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Coffee could delay Alzheimer's

12th June 2012

Researchers in Florida are telling people to consider taking up coffee in later life, following the results of a study which shows that drinking three cups a day may help turn the tide against Alzheimer's disease.

Coffee

The findings were true of older adults who are already showing signs of memory problems, said the researchers, in an article scheduled for publication in the Journal of Alzheimer's Disease.

Higher blood levels of caffeine in people older than 65 who were already likely to get Alzheimer's was linked to a delayed onset of the disease lasting between two and four years. No such delay was seen in similar participants whose blood caffeine levels were lower.

The research team was led by neuroscientist Chuanhai Cao of the University of South Florida's College of Pharmacy and Byrd Alzheimer's Institute in Tampa, Florida.

It studied 124 people aged 65 to 88 with mild cognitive impairment, or mild memory loss, of whom around 15% would typically be expected to develop Alzheimer's within any given year.

The team found that those who did develop Alzheimer's during follow-up had blood levels of caffeine that were less than half those of the people who did not develop the disease.

The caffeine consumed by the people in the study came mainly from coffee.

Among people who had initial blood caffeine levels of more than 1,200 ng/ml, equivalent to drinking several cups of coffee before being tested, none were in the group that later developed Alzheimer's.

Anyone who showed no progression in their memory loss had more than this level of caffeine in their blood, tests showed.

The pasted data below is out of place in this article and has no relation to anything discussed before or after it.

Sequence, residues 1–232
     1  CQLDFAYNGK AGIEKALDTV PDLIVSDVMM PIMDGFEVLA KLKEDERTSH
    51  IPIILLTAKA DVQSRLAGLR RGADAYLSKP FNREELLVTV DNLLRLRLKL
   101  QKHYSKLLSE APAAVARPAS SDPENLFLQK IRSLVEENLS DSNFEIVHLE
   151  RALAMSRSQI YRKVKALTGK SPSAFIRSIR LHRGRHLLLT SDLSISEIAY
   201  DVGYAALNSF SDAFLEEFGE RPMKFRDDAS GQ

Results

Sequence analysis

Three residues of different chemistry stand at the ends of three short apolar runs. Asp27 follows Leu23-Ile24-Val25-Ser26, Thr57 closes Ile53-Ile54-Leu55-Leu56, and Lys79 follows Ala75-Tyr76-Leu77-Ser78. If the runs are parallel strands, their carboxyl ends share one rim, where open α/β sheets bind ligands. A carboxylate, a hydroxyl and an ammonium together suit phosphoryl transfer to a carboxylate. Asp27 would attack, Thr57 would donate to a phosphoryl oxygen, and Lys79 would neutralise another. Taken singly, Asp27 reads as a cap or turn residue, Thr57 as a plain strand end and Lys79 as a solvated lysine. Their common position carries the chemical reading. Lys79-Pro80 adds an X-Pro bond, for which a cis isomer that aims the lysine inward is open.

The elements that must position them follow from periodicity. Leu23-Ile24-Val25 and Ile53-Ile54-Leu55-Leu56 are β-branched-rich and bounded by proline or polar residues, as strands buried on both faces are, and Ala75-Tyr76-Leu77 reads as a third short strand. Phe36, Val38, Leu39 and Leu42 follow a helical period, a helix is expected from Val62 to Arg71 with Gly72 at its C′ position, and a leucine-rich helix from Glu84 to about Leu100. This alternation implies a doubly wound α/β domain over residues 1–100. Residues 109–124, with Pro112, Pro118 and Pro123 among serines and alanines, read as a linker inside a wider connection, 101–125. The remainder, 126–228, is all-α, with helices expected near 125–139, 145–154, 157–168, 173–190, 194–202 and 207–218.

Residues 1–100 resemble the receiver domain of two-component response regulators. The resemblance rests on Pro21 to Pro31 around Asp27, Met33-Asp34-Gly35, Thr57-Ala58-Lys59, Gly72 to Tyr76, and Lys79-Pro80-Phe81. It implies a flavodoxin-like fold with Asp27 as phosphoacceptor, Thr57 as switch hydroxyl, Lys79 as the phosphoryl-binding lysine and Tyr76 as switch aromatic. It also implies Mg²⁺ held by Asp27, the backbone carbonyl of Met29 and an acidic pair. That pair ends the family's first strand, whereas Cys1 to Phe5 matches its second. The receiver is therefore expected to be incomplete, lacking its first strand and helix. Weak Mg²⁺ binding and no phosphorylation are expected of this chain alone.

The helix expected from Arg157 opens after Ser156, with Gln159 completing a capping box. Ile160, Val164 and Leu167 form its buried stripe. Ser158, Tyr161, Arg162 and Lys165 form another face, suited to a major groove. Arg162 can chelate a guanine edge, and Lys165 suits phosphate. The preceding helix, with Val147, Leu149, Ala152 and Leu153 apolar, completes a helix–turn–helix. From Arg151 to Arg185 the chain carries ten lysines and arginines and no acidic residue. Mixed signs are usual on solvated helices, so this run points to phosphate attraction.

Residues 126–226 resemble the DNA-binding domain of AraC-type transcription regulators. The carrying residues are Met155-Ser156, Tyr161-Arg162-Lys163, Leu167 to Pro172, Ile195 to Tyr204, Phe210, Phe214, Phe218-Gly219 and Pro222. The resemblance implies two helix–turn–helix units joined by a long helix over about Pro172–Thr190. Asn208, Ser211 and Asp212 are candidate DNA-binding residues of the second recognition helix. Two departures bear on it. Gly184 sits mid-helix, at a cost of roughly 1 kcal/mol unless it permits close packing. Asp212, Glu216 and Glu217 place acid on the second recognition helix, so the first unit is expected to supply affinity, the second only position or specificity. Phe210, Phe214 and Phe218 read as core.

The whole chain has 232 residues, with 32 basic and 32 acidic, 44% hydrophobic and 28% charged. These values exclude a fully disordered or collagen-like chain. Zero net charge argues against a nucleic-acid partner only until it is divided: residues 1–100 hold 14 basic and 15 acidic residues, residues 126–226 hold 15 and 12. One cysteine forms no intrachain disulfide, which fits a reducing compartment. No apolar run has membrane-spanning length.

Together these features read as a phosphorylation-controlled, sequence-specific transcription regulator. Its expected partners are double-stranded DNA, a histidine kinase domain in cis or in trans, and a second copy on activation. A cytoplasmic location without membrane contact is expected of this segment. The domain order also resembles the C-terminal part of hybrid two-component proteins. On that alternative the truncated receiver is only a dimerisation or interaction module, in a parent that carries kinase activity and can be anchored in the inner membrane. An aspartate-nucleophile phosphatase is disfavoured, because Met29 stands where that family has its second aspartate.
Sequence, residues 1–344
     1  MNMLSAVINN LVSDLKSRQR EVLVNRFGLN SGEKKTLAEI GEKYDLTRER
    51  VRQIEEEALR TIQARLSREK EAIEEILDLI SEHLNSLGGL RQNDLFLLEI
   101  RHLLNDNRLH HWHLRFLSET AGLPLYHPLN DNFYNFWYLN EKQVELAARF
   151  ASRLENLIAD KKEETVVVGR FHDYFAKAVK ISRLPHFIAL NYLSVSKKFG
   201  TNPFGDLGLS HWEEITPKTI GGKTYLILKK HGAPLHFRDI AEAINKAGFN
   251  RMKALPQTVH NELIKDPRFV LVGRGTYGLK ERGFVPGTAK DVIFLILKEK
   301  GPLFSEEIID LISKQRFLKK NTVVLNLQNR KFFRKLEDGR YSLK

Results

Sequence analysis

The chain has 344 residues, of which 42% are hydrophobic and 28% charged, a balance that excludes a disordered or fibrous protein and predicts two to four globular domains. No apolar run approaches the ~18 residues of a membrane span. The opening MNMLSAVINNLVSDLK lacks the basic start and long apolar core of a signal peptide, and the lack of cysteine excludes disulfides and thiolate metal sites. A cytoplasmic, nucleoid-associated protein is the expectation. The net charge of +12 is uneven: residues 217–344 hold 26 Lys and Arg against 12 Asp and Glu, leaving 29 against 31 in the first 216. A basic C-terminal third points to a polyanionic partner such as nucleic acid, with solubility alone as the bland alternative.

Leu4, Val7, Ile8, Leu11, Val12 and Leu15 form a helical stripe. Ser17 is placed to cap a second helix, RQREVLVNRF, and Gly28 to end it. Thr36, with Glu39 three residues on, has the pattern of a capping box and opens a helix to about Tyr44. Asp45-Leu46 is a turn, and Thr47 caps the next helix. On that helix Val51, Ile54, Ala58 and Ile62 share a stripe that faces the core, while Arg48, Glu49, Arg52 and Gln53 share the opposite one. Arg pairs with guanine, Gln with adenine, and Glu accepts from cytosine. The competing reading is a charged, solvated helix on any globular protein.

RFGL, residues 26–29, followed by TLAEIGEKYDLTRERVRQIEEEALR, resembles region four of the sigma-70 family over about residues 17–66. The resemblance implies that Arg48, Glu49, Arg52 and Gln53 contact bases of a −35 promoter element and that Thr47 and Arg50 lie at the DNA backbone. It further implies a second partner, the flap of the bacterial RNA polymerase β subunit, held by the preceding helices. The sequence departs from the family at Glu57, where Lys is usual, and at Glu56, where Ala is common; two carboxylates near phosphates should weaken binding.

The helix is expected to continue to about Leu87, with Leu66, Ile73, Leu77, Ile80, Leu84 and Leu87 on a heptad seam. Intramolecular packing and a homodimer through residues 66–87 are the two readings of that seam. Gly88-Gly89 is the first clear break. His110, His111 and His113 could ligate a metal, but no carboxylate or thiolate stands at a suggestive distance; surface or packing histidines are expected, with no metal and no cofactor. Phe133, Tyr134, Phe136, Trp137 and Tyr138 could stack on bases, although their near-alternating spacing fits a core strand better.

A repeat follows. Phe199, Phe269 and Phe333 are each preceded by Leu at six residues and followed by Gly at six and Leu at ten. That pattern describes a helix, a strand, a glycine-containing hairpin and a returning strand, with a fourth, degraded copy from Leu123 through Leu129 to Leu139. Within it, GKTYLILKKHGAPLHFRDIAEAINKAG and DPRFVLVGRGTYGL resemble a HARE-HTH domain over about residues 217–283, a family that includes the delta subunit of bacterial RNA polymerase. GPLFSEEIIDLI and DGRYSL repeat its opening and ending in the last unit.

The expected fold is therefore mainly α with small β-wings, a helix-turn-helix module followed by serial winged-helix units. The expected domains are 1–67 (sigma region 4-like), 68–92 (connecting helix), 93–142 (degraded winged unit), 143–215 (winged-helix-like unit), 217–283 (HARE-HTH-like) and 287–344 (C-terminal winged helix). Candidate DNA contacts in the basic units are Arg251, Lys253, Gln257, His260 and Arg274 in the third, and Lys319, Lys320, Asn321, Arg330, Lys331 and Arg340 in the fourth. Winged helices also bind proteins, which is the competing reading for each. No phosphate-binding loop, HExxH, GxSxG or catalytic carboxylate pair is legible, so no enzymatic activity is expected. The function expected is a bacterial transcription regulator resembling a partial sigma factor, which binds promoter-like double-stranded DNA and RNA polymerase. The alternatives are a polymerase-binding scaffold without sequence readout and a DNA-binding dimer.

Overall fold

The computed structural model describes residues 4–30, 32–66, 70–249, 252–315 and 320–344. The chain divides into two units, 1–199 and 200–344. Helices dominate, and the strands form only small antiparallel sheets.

The symptoms of Alzheimer's disease, which is the most common type of dementia, include serious loss of memory, mood changes and confusion that get progressively worse over time.

Cao told people to "continue to drink coffee," particularly if they are experiencing memory problems.

He said people should perhaps consider starting to drink an average of three, eight ounce cups a day from their late thirties onwards, in the morning after eating breakfast.

Cao speculated that coffee helps delay the development of Alzheimer's by inhibiting the production of beta-amyloid, a protein that accumulates in the brains of people who have Alzheimer's disease.

However, beta-amyloid does not cause Alzheimer's. We are born with this protein in our brains, but it accumulates with advancing age because the body is no longer able to handle all of it.

Previous studies have shown that coffee can reduce the risk of Parkinson's disease, stroke, type 2 diabetes, and breast cancer.

Sam Gandy, Mount Sinai chair in Alzheimer's disease research at Mount Sinai School of Medicine in New York, said there was some scientific evidence supporting Cao's enthusiasm for coffee.

He said that a substance called cyclic AMP can reduce formation of amyloid, and it is well known that caffeine elevates cyclic AMP levels.

He said that caffeine could also improve memory because it improves the ability to concentrate.

However, he said caffeine should now be tested for use in Alzheimer's prevention using randomized clinical trials.


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